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Not Okay is really unlike any other film I’ve seen. Much of the success of this film is due to the cast. Zoey Deutch and Mia Isaac ground this and give you something interesting to watch. The script falls into a middle ground because it’s not poorly constructed, but it does have an average feeling about it. Both the comedy and drama have moments where they work well but honestly, this film doesn’t go as far as it should have.
Zoey Deutch learned very well from her mother Leah Thompson. She has blossomed into a very capable actress and her performance here is convincing. Her character is very interesting because at the beginning we find ourselves very sympathetic towards her but soon after our introduction, she engages in behavior that’s about as unsympathetic as can be. I was very interested in how quickly I soured on her as a character.
Wanting attention on social media is common in today’s world and I do not fault her character for desiring that. It’s innately human to want interaction and to want people in your life who care about you. What she chooses to do after things get out of hand though is what will turn you against her.
Part of what makes Deutch’s performance so good is that she doesn’t become a caricature or a cardboard cutout completely unlikable character. This is a fleshed-out character with many characteristics, and she isn’t all good or all bad. She’s misguided and her actions are inexcusable but the character herself is layered, which makes the story a lot more interesting.
Her relationship with Mia Isaac’s character and how that unfolds is the heart of Not Okay and what moves you. Isaac is a very gifted young woman, and she is phenomenal in this. She delivers a powerful performance, especially for someone her age. There are several moments where she delivers monologues that are guaranteed to have you locked in. Her character is a young high school aged shooting survivor who has reached a high level of fame due to her activism.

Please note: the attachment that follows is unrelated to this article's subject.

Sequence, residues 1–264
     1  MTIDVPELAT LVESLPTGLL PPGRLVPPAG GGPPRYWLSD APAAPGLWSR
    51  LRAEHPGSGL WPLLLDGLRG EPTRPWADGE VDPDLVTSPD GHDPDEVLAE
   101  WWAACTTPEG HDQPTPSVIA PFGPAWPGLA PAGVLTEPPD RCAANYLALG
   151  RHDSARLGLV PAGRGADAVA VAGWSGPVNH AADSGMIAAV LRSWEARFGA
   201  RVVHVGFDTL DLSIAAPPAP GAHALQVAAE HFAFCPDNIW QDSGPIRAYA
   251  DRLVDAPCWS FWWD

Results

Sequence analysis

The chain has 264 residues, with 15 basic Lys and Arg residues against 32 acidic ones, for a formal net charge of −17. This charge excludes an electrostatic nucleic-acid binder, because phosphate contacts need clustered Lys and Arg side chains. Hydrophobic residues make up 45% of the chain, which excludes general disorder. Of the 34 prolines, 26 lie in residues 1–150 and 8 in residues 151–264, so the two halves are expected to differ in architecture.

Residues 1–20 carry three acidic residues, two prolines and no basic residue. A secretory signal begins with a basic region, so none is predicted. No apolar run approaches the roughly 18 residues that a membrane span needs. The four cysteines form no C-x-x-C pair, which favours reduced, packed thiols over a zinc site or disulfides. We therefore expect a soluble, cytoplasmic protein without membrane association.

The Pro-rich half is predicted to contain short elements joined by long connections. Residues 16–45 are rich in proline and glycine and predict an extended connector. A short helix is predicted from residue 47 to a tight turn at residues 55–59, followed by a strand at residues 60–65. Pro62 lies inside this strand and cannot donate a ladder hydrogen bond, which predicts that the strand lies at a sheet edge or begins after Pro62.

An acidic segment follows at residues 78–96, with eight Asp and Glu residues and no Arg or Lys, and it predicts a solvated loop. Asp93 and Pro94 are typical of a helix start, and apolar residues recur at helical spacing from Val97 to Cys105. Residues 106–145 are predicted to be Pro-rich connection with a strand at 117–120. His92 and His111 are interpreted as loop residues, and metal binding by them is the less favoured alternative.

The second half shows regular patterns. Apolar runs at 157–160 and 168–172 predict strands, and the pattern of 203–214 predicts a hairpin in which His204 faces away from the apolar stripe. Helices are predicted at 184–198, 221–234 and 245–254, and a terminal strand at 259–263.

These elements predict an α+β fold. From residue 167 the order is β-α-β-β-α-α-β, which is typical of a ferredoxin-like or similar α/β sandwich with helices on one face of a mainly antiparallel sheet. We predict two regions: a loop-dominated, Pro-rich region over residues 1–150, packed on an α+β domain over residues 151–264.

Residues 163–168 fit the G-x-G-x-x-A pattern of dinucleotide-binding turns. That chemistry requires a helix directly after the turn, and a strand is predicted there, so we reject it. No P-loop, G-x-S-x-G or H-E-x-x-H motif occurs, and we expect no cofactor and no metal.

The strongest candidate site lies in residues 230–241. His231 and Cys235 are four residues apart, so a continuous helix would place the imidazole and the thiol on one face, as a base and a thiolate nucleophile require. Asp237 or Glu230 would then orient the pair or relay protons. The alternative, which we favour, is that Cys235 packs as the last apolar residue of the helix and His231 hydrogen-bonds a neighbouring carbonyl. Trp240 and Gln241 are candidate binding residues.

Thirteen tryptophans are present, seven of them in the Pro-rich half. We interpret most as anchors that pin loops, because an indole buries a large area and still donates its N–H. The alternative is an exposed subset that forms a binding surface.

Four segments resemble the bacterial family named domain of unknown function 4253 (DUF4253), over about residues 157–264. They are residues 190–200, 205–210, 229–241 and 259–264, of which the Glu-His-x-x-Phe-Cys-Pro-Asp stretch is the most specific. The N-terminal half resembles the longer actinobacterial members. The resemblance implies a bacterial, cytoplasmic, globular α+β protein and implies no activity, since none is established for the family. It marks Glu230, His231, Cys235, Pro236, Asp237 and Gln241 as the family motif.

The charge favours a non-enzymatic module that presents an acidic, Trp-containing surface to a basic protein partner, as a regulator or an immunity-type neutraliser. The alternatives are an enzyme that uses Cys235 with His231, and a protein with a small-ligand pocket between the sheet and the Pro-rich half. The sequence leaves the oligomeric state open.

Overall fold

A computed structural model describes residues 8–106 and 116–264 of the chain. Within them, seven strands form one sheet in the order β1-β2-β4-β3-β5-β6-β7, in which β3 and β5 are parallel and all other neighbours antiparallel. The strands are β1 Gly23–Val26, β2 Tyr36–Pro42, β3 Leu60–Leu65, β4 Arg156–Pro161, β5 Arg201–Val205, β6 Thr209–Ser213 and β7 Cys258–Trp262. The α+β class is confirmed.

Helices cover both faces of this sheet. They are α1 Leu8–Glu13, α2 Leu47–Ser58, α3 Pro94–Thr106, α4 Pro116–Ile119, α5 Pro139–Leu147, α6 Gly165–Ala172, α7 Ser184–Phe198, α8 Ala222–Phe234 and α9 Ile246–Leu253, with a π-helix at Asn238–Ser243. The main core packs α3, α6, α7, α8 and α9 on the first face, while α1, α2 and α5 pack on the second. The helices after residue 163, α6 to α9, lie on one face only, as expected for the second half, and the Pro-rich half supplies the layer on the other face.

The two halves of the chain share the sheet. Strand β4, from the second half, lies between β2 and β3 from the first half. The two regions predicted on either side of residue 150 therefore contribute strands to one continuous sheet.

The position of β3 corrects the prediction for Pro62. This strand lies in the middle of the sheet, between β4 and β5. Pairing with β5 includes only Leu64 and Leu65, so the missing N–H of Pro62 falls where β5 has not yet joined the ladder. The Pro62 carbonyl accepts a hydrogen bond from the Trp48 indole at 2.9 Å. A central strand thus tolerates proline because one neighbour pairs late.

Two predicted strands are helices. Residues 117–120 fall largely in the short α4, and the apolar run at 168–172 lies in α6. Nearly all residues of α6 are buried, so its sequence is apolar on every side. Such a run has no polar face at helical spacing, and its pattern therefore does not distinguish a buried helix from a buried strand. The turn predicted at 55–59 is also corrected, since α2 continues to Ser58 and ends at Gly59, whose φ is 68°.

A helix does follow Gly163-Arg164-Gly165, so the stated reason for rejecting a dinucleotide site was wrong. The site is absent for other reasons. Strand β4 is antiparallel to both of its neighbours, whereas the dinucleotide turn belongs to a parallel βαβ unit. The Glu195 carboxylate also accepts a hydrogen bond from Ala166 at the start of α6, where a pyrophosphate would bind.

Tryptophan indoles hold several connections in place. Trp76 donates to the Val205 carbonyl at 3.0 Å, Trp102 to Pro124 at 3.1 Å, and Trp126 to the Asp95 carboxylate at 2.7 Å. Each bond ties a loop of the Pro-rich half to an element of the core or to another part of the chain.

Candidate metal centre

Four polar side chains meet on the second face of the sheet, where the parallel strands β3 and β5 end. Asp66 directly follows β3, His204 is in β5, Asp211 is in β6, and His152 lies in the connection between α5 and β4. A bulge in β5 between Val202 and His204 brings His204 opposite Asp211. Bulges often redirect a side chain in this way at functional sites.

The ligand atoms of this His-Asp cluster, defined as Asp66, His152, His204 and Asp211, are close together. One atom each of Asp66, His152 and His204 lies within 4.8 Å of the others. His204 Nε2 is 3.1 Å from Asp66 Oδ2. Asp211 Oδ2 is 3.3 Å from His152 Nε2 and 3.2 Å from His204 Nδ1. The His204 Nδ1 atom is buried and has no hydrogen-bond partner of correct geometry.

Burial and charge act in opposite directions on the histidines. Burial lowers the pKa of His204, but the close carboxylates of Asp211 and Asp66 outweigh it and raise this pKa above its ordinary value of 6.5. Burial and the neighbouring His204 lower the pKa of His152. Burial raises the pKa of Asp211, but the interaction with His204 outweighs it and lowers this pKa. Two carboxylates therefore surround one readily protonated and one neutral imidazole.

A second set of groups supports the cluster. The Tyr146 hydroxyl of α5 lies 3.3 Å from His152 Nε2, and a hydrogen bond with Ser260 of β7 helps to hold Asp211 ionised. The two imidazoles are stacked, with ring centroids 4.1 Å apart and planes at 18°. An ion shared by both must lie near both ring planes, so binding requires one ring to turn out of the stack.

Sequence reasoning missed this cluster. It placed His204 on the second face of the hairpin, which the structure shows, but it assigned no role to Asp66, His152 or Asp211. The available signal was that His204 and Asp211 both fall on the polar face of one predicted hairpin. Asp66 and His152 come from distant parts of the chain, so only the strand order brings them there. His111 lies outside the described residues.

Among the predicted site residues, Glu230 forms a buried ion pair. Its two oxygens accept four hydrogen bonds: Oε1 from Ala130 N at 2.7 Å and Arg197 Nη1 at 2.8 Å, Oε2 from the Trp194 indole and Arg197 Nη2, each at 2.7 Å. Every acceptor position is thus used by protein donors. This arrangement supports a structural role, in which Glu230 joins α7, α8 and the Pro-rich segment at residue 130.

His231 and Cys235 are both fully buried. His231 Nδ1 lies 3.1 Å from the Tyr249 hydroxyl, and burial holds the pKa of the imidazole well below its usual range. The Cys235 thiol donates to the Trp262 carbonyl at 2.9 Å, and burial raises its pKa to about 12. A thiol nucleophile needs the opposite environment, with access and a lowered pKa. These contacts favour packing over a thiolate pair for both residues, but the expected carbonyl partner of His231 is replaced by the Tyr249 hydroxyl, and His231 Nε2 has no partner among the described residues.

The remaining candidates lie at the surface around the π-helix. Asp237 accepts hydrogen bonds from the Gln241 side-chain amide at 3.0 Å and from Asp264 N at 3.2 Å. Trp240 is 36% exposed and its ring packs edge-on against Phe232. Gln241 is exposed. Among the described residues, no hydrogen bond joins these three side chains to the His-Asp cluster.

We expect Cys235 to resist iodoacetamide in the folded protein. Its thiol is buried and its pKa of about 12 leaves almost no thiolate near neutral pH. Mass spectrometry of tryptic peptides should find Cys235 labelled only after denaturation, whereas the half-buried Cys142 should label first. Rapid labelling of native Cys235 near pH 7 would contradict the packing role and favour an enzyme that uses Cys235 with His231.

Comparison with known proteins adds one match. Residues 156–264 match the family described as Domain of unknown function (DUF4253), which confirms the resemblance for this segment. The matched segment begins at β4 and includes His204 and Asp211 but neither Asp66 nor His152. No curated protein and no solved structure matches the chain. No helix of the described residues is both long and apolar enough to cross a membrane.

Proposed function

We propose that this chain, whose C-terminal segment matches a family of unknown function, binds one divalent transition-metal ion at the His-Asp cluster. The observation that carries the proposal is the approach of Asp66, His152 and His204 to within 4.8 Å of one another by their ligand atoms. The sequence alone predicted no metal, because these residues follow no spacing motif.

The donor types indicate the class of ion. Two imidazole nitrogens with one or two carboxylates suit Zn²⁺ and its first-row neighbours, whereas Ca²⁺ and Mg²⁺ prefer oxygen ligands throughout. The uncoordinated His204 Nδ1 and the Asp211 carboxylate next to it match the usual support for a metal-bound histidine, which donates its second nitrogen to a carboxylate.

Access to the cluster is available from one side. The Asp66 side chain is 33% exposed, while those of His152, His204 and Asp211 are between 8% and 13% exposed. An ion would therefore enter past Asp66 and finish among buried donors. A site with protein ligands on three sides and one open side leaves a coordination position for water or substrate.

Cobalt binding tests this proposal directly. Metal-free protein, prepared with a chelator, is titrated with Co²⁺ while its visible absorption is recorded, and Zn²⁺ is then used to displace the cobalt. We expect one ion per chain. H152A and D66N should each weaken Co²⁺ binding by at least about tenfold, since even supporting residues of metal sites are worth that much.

I liked how Not Okay showed her having an effect on Deutch’s character. Their connection is an example of the emotional depth that exists in this film. What happens between them is also an example of the realism this film portrays. This is not a film that believes in a traditional Hollywood ending. I’m not going to give too much away but let’s just say that Deutch’s character doesn’t get a pass and there’s a ripple affect caused by her actions. I appreciated the realistic approach and I think it’s more powerful.
One of the weak links unfortunately is Dylan O’Brien’s character. O’Brien plays a supporting character who becomes irritating very quickly. I think making his role so clownish was a mistake that weighs things down. The issue isn’t with O’Brien himself, it’s the nature of the character he’s inhabiting.
Another negative note is how Not Okay seems to lose steam as it heads into the latter part of the second act. This is such an interesting premise and I just think more could have been done. I had a feeling like they left some stuff on the table and didn’t reach the full potential. The truth of the matter is that I wanted more. The performances by Deutch and Isaac really are great though and there is a certain level of enjoyment to be had here. Just don’t expect to be blown away.
Not Okay is a film that sports fine performances and offers up mostly satisfying content. Unfortunately, it also stops short of being what I would consider a great film.
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